A combined and individualized approach always works best! If you have any questions or concerns about your gait or would like advice on what exercises you can do to help, feel free to contact a Physical Therapist at one of our offices to make an appointment. We would love to help you achieve your goals and get you right out of the gate again.

“If you don’t like the road you’re walking, start paving another one”   ~ Dolly Parton

Blog written by Natasha Clarke, PT, DPT

 

Who, Me? Three Factors that Increase Your Risk for Falls

When you were little did you like to think about monsters, thunderstorms, or sharks in the ocean? Unpleasant things are unpleasant to think about. But unlike the boogeyman, falls are a real occurrence and considering your risk for a fall now can save you from one big nightmare later on. Below we discuss three main factors that can substantially increase your risk for falls.  Assess your risk now and keep a potential fall from happening.

Multiple medications lead to massive instability. Sedatives and antidepressants can be culprits as well as seemingly innocent over the counter medications. Dizziness is a common side effect of many medications and can also occur due to drug interactions when taking multiple drugs. Check with your doctor or pharmacist to ensure all medications are necessary and will not interact negatively with each other.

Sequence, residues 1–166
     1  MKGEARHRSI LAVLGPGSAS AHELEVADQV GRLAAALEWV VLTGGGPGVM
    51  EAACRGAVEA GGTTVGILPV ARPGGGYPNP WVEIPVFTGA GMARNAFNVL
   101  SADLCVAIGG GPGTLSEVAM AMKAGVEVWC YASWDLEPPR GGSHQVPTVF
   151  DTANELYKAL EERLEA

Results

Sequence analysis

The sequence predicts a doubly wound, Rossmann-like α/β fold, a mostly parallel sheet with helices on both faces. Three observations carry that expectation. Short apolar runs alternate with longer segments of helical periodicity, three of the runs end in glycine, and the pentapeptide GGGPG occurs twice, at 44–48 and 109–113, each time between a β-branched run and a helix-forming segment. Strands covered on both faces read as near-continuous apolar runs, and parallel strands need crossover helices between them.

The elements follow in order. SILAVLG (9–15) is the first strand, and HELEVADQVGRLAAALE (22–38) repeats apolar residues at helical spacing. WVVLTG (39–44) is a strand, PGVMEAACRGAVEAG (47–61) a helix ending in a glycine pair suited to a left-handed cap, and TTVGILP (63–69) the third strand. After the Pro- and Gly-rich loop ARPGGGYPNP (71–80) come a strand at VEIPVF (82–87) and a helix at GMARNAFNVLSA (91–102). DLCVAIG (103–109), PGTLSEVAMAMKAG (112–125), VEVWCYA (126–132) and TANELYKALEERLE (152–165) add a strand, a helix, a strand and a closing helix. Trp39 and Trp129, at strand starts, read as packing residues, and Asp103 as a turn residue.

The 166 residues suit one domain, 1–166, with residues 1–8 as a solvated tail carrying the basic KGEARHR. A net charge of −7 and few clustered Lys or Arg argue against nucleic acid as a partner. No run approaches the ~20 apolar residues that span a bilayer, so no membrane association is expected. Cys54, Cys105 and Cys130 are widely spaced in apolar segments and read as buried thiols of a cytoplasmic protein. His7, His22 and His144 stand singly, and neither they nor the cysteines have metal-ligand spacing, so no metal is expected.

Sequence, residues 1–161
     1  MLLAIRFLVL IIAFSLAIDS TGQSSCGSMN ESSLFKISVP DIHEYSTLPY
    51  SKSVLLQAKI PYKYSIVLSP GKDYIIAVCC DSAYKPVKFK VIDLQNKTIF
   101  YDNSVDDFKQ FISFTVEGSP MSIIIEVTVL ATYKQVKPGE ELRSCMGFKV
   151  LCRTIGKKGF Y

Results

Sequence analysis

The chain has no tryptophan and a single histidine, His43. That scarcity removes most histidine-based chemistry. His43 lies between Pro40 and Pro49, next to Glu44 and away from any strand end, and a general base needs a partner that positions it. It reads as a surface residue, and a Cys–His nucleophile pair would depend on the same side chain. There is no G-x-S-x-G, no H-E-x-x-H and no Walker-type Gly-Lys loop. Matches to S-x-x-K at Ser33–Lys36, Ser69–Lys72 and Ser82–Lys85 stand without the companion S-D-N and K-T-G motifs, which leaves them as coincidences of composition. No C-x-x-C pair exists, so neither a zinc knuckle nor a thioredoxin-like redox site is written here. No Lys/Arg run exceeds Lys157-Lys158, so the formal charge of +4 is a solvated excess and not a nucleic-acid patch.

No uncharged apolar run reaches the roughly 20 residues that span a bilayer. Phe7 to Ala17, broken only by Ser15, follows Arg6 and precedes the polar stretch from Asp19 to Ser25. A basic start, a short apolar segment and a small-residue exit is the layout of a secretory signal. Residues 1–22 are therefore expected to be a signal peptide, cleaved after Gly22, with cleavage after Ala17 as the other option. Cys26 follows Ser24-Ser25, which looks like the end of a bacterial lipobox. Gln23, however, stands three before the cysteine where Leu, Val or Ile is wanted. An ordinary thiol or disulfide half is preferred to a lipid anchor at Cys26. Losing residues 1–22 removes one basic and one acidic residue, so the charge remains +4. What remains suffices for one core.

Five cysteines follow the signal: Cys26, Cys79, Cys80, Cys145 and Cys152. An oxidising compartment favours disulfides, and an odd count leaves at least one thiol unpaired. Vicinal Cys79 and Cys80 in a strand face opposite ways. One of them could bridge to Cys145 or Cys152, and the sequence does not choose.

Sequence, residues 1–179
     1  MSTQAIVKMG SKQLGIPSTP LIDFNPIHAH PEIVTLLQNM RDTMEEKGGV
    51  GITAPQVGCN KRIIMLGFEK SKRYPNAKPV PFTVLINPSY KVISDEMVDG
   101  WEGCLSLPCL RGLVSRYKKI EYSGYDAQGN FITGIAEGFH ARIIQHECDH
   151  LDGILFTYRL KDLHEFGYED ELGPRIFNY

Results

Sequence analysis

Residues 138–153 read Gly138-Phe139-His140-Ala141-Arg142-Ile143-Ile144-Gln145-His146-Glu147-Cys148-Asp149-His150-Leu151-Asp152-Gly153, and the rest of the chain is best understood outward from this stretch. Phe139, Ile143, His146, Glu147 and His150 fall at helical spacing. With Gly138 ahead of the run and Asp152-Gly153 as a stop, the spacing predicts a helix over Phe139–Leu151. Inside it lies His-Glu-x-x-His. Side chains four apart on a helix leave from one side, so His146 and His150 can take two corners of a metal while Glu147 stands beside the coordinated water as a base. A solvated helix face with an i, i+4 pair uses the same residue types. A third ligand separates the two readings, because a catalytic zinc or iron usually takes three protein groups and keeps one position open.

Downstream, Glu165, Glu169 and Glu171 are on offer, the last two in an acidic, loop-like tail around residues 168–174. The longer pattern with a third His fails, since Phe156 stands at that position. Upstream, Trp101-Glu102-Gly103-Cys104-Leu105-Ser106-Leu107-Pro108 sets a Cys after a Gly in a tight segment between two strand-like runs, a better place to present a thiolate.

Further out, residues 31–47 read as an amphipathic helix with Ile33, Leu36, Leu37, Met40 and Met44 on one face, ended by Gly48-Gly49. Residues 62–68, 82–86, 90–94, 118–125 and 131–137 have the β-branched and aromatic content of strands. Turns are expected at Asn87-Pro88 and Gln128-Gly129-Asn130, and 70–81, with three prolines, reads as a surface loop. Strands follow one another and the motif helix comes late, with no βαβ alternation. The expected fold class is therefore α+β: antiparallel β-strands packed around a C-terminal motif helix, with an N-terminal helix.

Nerve pain and poor vision could inhibit your body’s natural ability to balance. Do you have poor sensation in your feet or nerve damage courtesy of neuropathy? Those important nerves send signals to your brain telling you how to balance and move reactively to your environment. Without these signals, you are at a higher risk for falls. Vision deficits also heavily contribute to fall risk, as your vision is the largest single sensory contributor to maintaining your balance. Eye care is crucial in preventing a fall.

Poor environment sets you up for disaster. That cute throw rug, poor lighting or a slippery tub could all lead to a fall. Take an honest look around your home environment to see what simple changes you can make to increase safety in your home. If you frequently get up in the middle of the night, a nightlight is essential.  In addition, ensure all electronic cords, books, and decor are out of walking areas prior to going to bed each evening.

If any of these risk factors apply to you, it means you are at an increased risk of falling. But don’t worry! Although some of these factors are beyond your control, there are several actions you can take to reduce your risk for a fall!

Balance and strength (which is necessary for good balance) can be improved, even if vision or sensation is impaired. CLICK HERE to view a video offering 5 easy exercises that you can do at home to help improve your balance (all you need is a chair!).  Please be have someone available to spot you the first time you try these exercises and start slow.